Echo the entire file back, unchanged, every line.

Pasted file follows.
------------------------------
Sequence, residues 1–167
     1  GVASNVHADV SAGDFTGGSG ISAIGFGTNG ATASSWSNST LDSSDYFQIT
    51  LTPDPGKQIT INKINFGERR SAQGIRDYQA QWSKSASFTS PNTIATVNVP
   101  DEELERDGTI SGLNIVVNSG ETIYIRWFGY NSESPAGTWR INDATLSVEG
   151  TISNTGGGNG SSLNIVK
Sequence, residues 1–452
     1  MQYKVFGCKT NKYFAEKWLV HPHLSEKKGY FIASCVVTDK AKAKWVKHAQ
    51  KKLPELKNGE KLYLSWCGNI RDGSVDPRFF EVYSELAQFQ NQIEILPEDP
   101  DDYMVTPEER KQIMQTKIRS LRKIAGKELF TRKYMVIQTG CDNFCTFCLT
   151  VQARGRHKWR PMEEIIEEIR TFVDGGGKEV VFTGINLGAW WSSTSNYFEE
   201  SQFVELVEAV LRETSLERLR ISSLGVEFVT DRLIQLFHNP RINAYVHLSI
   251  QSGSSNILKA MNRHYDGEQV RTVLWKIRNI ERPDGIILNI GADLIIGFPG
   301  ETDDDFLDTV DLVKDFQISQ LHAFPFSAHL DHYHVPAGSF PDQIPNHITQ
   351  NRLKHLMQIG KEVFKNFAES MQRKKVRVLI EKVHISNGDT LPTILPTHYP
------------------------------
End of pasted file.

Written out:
Sequence, residues 1–167
     1  GVASNVHADV SAGDFTGGSG ISAIGFGTNG ATASSWSNST LDSSDYFQIT
    51  LTPDPGKQIT INKINFGERR SAQGIRDYQA QWSKSASFTS PNTIATVNVP
   101  DEELERDGTI SGLNIVVNSG ETIYIRWFGY NSESPAGTWR INDATLSVEG
   151  TISNTGGGNG SSLNIVK
Sequence, residues 1–452
     1  MQYKVFGCKT NKYFAEKWLV HPHLSEKKGY FIASCVVTDK AKAKWVKHAQ
    51  KKLPELKNGE KLYLSWCGNI RDGSVDPRFF EVYSELAQFQ NQIEILPEDP
   101  DDYMVTPEER KQIMQTKIRS LRKIAGKELF TRKYMVIQTG CDNFCTFCLT
   151  VQARGRHKWR PMEEIIEEIR TFVDGGGKEV VFTGINLGAW WSSTSNYFEE
   201  SQFVELVEAV LRETSLERLR ISSLGVEFVT DRLIQLFHNP RINAYVHLSI
   251  QSGSSNILKA MNRHYDGEQV RTVLWKIRNI ERPDGIILNI GADLIIGFPG
   301  ETDDDFLDTV DLVKDFQISQ LHAFPFSAHL DHYHVPAGSF PDQIPNHITQ
   351  NRLKHLMQIG KEVFKNFAES MQRKKVRVLI EKVHISNGDT LPTILPTHYP